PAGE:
On this page:
- How much do I owe?
- When do I have to repay my HELP debt?
- How much will my repayments be?
- Will I be charged interest?
- Can I pay off my debt sooner?
- How do I make a voluntary repayment?
- What happens if I can’t afford the repayments?
- What happens if I go bankrupt?
- Can I get my HELP debt remitted?
- What happens to my HELP debt if I die?
- Need more information?
How much do I owe?
HELP debts are managed by the Australian Taxation Office (ATO). Therefore, for specific information on your HELP debt you will need to contact the ATO on 13 28 61. You can phone the ATO at any time during the year to request a HELP account information statement to get the balance of your account. Be sure to have your tax file number (TFN) handy when you call. The ATO will ask you for it for security purposes before they disclose any personal information to you.Return to top
When do I have to repay my HELP debt?
You have to start repaying your HELP debt through the taxation system once your repayment income is above the compulsory repayment threshold, even if you are still studying. The compulsory repayment threshold is adjusted each year. For the 2012-13 income year, the compulsory repayment threshold is $49,095.
Repayment income is calculated from the amounts given on your income tax return for:
- your taxable income;
- reportable fringe benefits (reported on your payment summary);
- total net investment loss (which includes net rental loss);
- reportable super contributions; and
- exempt foreign employment income amounts.
How much will my repayments be?
The amount you repay each year is a percentage of your repayment income. The percentage increases as your income increases, so the more you earn, the higher your repayment will be. The ATO will calculate your compulsory repayment for the year and include it on your income tax notice of assessment.
|2013-2014 Repayment income||Repayment % rate|
|$51,309 - $57,153||4.0%|
|$57,154 - $62,997||4.5%|
|$62,998 - $66,308||5.0%|
|$66,309 - $71,277||5.5%|
|$71,278 - $77,194||6.0%|
|$77,195 - $81,256||6.5%|
|$81,257 - $89,421||7.0%|
|$89,422 - $95,287||7.5%|
|$95,288 and above||8.0%|
|2012-2013 Repayment income||Repayment % rate|
|$49,096 - $54,688||4.0%|
|$54,689 - $60,279||4.5%|
|$60,280 - $63,448||5.0%|
|$63,449 - $68,202||5.5%|
|$68,203 - $73,864||6.0%|
|$73,865 - $77,751||6.5%|
|$77,752 - $85,564||7.0%|
|$85,565 - $91,177||7.5%|
|$91,178 and above||8.0%|
Can I pay off my debt sooner?
Yes. You can make a voluntary repayment to the ATO at any time and for any amount. Voluntary repayments are in addition to the compulsory repayments made through your tax return. If you make a voluntary repayment of $500 or more, you will receive a bonus of 5%*.This means your account will be credited with an additional 5% of the value of your payment. The bonus is 5% of the payment amount, not 5% of the total debt.
To work out how much you need to repay to clear your entire debt, divide your total debt by 1.05. Round the amount of your payment down to the nearest dollar.
From 1 January 2014, subject to the passage of legislation, the voluntary repayment bonus of 5% will be removed.Return to top
How do I make a voluntary repayment?
You can make a voluntary repayment by BPAY or direct credit, Credit card or by posting a cheque to the ATO. To make a voluntary repayment you will need your Payment Reference Number (PRN) which is printed on your Account Information Statement issued by the ATO.
Contact the ATO on 13 28 61 for further information on how to make your voluntary payment or visit ATO voluntary repayments (opens in a new window).Return to top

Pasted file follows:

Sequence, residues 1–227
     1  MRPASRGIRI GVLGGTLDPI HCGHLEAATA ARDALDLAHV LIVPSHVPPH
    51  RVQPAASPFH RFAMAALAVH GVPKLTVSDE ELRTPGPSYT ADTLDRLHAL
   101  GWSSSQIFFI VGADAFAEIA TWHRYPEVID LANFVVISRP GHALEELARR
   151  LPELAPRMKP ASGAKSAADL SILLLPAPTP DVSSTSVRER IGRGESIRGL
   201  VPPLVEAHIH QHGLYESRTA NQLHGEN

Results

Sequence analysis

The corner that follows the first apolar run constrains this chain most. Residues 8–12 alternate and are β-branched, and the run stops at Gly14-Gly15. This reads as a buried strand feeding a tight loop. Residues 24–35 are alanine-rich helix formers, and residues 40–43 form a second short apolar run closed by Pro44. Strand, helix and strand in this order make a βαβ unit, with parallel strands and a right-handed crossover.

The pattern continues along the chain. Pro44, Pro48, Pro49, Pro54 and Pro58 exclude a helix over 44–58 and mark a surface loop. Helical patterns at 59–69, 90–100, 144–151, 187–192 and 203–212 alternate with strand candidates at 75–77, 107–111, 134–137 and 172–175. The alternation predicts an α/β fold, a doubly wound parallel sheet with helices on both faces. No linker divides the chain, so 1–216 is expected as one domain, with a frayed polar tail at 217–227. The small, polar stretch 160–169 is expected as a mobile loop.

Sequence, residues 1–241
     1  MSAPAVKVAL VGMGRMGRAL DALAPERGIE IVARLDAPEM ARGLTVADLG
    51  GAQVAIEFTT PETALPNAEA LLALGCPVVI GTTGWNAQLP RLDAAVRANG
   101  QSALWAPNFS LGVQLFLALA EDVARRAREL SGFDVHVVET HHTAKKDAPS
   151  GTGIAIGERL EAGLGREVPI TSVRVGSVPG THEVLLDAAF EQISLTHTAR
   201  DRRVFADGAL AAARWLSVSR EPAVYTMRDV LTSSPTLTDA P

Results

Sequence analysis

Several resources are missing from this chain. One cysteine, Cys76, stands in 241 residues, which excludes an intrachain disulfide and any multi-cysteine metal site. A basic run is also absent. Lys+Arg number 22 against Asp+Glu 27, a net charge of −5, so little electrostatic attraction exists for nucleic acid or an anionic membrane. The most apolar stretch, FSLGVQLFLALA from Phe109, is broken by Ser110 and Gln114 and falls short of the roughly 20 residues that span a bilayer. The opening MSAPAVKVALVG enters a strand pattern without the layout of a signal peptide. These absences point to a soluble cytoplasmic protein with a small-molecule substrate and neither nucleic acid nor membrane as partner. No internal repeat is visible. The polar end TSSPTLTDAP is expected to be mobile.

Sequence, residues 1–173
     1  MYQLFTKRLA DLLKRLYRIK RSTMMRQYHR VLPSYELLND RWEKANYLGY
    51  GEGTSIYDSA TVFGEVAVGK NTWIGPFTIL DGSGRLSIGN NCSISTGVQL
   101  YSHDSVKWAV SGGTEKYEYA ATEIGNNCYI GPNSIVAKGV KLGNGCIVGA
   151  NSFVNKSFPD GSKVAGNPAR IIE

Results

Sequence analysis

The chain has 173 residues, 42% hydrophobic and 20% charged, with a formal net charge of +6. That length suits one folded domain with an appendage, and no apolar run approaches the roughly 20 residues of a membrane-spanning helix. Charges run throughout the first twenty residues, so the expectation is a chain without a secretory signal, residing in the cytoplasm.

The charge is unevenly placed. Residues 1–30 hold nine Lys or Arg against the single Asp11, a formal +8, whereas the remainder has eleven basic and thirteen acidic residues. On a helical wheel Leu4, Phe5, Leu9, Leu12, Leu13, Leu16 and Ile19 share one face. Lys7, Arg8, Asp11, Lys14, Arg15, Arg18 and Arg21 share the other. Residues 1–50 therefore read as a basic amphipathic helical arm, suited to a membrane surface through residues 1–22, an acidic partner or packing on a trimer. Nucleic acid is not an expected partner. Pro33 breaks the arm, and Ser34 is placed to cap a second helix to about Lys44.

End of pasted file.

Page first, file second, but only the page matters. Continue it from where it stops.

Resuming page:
What happens if I can’t afford the repayments?
If you believe that making your compulsory repayment would cause you serious financial hardship or there are other reasons why you should not have to make a compulsory repayment, you can apply to the ATO to defer your repayment. You will need to complete the Deferring your compulsory HELP, HECS or Financial Supplement repayment form, which is available on the ATO website (opens in a new window). The form asks for a detailed statement of your household income and expenditure to justify your claim of serious hardship.
The ATO will write to say whether your application is successful. If you are unhappy with the decision, you may apply to have it reviewed within 28 days of receiving the notice. If, after the review, you still believe the ATO has made the wrong decision, you may then apply to the Administrative Appeals Tribunal (AAT) for a review. You need to lodge your application with the AAT within 28 days of the day you receive the outcome of the ATO’s review.
For more information on applying to defer a compulsory repayment, contact the ATO.Return to top
What happens if I go bankrupt?
Accumulated HELP debts are not provable under the Bankruptcy Act 1966. This means you will have to pay it as if you had not been declared bankrupt.Return to top
Can I get my HELP debt remitted?
Please see Re-crediting a HELP debt for information about having your HELP debt remitted (cancelled).Return to top
What happens to my HELP debt if I die?
A trustee or executor needs to lodge all outstanding tax returns on behalf of a deceased person, up to the date of the person’s death. Any compulsory repayment included on a notice of assessment that relates to the period before the person’s death must be paid from the estate, but the remainder of the accumulated debt is cancelled.
Neither the deceased person’s family nor the trustee is required to pay the rest of the accumulated HELP debt.Return to top
Need more information?
Contact the ATO on 13 28 61 or visit the ATO website (opens in a new window). The ATO will ask you for your tax file number before they disclose any personal information to you. International callers should phone +61 2 6216 1111 and ask for the HELA Unit or fax +61 2 6216 7771.Return to top